Prevention: The best way to keep stray pets from coming around is to remove easy access to any potential food source for them. Of course, pet food might be the obvious answer here but you should also consider whether or not you have other inviting food sources like chicken, rabbits, etc. Always encourage stray animals to leave the area and don’t give them any attention if you don’t want them to hang around. Animals will act to protect themselves if they feel boxed in from a confrontation. The best way to prevent an unwanted bite or attack from a cat or dog is to not put them in a position where they will feel like they have to attack you.
Treatment: While it is possible to contract something like rabies from an animal bite, it is not incredibly likely from domesticated animals. If you are scratched or bitten by a cat or dog, thoroughly wash the area with plenty of soap and water, apply an antibiotic ointment to the area, dress the wound and reapply ointment and change the dressing regularly while remembering to monitor the area for signs of infection. If the injury is traumatic, every effort should be made to stop the bleeding and seek immediate medical attention. In the case of an attack from a stray animal, seeking medical treatment should always be considered because of not knowing the history or health status of the animal.
With any animal encounter that results in a bite or scratch, it is always recommended to wash the area thoroughly with soap and water. If for some reason this is not an option, consider using hydrogen peroxide, iodine or alcohol as alternatives. The latter option will not likely feel very good and should be considered a last resort for most of us.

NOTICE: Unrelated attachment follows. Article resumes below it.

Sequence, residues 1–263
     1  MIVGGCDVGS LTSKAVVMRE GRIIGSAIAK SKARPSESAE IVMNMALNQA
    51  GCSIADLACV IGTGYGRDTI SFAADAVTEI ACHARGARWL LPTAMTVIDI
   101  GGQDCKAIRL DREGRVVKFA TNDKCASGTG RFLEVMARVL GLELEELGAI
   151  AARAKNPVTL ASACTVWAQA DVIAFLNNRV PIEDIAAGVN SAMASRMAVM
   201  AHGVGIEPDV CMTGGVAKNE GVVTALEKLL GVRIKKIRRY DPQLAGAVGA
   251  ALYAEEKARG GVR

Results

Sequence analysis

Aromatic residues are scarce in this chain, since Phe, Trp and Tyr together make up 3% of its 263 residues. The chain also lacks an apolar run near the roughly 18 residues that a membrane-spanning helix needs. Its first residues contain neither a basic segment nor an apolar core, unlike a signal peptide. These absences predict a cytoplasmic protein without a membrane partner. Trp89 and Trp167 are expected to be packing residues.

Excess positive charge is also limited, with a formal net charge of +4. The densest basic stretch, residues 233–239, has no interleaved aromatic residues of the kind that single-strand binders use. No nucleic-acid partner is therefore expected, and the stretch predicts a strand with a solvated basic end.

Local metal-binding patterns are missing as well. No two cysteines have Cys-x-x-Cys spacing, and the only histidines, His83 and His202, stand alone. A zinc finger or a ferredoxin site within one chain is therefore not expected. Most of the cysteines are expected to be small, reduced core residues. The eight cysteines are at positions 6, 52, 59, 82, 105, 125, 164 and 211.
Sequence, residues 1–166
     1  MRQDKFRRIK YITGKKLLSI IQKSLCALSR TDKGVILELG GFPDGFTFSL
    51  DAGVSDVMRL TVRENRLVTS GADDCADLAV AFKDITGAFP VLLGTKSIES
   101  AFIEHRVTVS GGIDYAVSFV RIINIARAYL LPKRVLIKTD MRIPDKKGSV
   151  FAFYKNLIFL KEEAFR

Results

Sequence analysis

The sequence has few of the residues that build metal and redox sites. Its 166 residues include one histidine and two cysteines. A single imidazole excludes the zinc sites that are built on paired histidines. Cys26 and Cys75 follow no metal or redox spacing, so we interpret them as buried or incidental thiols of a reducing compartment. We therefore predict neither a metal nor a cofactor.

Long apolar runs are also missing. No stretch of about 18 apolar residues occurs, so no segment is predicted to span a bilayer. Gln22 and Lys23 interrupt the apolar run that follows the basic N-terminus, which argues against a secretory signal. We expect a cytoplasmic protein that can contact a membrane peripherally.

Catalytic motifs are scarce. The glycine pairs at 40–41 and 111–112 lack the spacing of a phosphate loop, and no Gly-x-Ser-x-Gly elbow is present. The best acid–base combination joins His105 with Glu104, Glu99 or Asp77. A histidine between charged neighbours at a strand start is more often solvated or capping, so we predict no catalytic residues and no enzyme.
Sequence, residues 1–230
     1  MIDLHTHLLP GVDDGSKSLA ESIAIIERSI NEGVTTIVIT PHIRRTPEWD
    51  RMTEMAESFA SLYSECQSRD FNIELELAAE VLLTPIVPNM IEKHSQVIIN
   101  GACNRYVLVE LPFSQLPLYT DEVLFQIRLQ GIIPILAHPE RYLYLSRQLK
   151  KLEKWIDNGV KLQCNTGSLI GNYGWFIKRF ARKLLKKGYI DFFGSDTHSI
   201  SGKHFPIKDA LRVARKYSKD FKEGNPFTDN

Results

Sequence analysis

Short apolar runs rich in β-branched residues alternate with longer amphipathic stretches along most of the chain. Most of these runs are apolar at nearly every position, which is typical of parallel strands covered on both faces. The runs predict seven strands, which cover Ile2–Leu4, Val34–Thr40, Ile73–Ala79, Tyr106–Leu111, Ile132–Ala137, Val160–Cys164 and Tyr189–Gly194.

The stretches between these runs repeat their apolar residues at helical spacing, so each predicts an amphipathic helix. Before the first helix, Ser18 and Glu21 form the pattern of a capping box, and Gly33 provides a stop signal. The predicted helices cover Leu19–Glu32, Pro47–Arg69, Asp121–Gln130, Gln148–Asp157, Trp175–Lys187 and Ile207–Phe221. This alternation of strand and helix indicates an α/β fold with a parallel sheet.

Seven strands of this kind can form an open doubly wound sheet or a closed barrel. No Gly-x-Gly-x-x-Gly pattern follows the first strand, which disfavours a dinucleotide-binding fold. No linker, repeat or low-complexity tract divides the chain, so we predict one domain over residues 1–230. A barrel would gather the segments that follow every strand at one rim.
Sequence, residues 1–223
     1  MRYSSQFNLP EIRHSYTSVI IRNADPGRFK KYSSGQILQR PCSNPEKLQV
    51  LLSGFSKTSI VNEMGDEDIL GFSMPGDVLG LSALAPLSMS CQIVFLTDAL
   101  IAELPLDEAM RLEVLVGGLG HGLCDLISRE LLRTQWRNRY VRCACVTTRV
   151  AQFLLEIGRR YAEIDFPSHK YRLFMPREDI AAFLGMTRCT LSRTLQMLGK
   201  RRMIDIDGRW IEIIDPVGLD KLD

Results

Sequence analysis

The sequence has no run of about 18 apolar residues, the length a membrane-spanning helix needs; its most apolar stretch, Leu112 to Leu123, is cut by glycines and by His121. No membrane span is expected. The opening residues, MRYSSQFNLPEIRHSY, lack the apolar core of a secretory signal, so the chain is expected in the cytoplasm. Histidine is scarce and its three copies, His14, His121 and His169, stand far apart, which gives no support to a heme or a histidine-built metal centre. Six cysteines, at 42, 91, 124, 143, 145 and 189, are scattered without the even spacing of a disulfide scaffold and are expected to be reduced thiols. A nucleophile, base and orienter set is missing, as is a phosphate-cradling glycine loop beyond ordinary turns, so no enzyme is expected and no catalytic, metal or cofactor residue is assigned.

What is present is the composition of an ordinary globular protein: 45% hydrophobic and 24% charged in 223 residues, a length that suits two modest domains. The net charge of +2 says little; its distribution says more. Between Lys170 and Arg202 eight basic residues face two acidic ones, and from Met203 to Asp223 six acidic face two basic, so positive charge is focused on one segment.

Watching for the signs and symptoms of infection is something that should always be considered as well. According to the Centers for Disease Control, these include:
- Change in cough or a new cough.
- Sore throat or a new mouth sore.
- Shortness of breath.
- Nasal congestion.
- Stiff neck.
- Burning or pain with urination.
- Unusual genital discharge or irritation.
- Increased urination.
- Redness, soreness or swelling in any area.
- Abdominal or rectal pain.
- Any new onset of pain that can’t otherwise be explained.
If you do not have a current tetanus shot in the last 10 years, make every effort to get a tetanus booster shot.
Medical treatment should always be considered if it is available. While there are certainly minor injuries or wounds that don’t require anything more than care at home, if there is any question, it is always best to be cautious and seek the professional expertise of a health care provider.
I would be remiss if I did not mention the ever-present threat of human pests that could come around during times of disaster. In this case, ensuring that your home and property does not look inviting to others who may wish to take advantage of you is the best preventive step that you can take. Following that, having an active neighborhood or presence around your property can be a good deterrent. Having the training and mindset to deal with any uninvited guests should be a priority as well. If all else fails, tread lightly and carry a big stick.
— Thomas Miller